Ya’qub Ebrahim & Thandokazi Maceba

Ya’qub Ebrahim & Thandokazi Maceba

Last updated on 3 November 2021

Ya’qub Ebrahim and Thandokazi Maceba are both Data Curation Officers at University of Cape Town Libraries, Digital Library Services.

For a number of years now we have planned and strategised and now it’s time to implement. Implement what you ask? Well, it all started in 2015 when UCT libraries had the vision of creating two Data Curator positions in the Digital Library Services department. Fast forward to 2018 and we have successfully scoped and motivated for implementing a digital preservation system. Finally in 2021, this system, which we have named Izolo (isiXhosa for ‘Yesterday’) is installed and set to store not only historic, or ‘special,’ collections at the University, but all data requiring preservation at UCT[1]. But, policies aside, as the data curators and preservation experts we see our job as being to ensure that data gets preserved, period.

After over a decade of ongoing digitisation work at UCT Libraries, we are faced with a great backlog of digital archiving. Digital records formerly kept on the manuscripts and archives servers are now kept on a staging area server to be prepared for ingest into Izolo. We have created workflows for moving digital objects already stored on UCT servers to be ingested into Izolo (using Arkivum Perpetua).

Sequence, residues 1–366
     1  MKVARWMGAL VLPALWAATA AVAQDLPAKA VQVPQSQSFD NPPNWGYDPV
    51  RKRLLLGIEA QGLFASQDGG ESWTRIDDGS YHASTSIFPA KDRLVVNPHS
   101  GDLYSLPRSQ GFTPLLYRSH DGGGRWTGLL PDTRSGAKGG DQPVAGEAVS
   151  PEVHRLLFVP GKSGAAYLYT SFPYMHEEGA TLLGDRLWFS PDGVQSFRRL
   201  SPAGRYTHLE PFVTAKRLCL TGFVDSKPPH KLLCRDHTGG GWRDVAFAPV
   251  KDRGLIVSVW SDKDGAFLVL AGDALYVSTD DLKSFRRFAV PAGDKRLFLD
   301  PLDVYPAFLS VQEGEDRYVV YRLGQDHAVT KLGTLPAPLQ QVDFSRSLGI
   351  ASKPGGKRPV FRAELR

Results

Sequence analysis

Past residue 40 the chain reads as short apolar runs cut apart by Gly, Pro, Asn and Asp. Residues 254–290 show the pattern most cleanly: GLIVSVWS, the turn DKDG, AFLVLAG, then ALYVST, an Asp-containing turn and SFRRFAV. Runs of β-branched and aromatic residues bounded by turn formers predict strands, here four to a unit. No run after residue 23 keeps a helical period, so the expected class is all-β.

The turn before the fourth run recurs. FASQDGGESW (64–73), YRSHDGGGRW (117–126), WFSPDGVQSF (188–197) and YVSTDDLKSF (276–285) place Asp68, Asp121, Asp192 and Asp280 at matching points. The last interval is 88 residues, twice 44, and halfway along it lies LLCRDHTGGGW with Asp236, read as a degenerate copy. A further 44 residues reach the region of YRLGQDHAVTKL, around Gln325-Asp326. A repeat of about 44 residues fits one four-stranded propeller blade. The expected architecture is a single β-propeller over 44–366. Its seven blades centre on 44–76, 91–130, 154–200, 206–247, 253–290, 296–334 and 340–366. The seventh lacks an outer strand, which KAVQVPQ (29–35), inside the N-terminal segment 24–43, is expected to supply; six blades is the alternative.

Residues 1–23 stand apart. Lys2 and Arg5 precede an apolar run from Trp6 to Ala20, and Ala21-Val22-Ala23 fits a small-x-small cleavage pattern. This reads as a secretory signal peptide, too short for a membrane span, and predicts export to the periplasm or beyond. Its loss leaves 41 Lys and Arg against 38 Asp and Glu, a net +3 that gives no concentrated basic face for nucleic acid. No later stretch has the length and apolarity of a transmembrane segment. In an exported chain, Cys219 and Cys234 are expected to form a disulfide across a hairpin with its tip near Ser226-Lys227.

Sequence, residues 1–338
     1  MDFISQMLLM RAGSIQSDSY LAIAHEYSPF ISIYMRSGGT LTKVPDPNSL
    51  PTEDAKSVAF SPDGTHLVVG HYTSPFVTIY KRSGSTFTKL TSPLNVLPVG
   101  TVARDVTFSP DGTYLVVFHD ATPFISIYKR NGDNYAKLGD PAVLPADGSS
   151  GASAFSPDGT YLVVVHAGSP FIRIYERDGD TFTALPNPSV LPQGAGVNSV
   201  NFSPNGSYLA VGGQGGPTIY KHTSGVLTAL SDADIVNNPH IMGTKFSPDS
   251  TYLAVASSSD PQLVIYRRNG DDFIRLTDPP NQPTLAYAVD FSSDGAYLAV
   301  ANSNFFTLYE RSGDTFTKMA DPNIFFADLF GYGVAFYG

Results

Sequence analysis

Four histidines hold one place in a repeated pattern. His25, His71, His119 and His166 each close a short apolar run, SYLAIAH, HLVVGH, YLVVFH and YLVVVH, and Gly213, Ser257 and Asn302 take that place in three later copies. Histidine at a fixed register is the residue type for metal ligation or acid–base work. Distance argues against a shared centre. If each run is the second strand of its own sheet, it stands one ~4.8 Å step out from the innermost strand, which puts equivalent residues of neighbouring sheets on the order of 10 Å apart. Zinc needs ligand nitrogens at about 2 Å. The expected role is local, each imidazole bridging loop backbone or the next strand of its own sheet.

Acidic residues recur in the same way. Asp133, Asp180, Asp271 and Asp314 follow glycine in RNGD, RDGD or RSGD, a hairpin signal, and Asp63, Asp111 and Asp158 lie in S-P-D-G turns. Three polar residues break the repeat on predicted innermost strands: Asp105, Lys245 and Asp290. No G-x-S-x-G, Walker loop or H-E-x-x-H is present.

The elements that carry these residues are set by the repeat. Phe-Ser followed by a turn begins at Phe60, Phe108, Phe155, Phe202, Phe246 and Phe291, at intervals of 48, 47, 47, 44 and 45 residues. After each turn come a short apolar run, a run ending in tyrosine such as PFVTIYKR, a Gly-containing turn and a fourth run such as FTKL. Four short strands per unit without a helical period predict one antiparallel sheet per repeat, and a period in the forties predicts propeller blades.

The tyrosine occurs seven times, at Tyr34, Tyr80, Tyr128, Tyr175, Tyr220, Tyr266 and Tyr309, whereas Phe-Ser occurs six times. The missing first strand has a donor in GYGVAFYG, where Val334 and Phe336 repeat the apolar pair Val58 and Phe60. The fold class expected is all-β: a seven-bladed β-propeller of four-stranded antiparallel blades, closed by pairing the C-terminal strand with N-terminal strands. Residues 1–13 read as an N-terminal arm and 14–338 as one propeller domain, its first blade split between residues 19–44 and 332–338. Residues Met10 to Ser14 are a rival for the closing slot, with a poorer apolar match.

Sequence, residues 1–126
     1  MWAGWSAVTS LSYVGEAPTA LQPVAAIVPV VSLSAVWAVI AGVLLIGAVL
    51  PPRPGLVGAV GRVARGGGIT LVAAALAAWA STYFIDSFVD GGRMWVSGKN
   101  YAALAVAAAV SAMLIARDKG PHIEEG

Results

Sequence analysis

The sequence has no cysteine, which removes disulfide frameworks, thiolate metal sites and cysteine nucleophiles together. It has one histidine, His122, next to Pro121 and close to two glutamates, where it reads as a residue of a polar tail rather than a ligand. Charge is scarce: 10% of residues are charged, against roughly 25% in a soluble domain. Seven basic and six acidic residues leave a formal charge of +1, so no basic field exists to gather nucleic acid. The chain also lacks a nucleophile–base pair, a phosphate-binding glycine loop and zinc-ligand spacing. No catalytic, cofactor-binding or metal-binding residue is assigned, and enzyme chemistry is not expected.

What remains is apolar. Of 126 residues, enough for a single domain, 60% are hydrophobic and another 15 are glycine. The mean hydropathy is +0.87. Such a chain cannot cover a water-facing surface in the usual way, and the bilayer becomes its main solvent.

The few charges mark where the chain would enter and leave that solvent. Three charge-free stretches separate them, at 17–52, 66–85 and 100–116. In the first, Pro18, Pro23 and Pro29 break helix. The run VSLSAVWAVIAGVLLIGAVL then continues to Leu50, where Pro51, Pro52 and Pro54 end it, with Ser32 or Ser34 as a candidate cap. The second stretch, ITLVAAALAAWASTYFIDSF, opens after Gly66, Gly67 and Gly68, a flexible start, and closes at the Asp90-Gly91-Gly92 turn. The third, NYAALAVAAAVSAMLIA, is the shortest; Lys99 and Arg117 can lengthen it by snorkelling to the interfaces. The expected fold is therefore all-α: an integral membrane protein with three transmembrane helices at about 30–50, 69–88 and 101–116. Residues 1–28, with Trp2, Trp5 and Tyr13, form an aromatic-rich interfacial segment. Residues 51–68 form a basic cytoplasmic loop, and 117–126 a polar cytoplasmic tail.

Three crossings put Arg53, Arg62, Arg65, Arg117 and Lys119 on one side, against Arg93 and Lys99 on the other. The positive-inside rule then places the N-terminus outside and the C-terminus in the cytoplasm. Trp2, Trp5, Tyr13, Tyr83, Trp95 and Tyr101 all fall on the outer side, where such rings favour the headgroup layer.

While we haven’t fully gone into production with using Izolo for new projects, many tests have been conducted and the system is up and running. Importantly, we do also already have a working integration with our open access data  repository ZivaHub, through which all data published on ZivaHub gets automatically preserved on Izolo. From there, as with all the other data we are beginning to ingest now, Izolo allows us to automatically check the integrity of our data, easily preserve it, and create derivatives for requesters to easily access via the online, i.e. user-facing portal.

Having started with the auditing of the data of many of our own collections in the library, we are now ready to start preserving them. The Hugh Brody collection of the ǂKhomani San, as well as the research data originally supplied on legacy media (CD-R, floppy discs, transparencies) together with historic university theses are on the cusp of being ingested. These materials currently live on our internal server and will be transferred to Izolo using the Arkivum Preservation and Access modules using Filesender Pro as our bulk data transfer programme. Further projects and collections within and beyond the Library are being developed and are populating our preservation plan.

We have also recently launched an exhibition platform for UCTs Digital Collections called Ibali (running on our own Omeka S installation as well as iiif media and manifest servers). Ibali enables our community to showcase their collections and share their stories with a global audience. Recently, the Libraries have launched their first internal collection on Ibali, the Community Media Trust-produced AIDS Archive, the archival data of which is now also in the pipeline to be preserved.

We all know that the longer the original media devices stay lying around, the more they are prone to degradation and incompatibility issues. The University has recognized this and hence the forward move towards digitally preserving our data. Digital Preservation here we come! :)

[1] While we currently already use AtoM for our digital finding aids, we are working with Arkivum’s Usability and Preservation modules to handle our digital preservation needs going forward.

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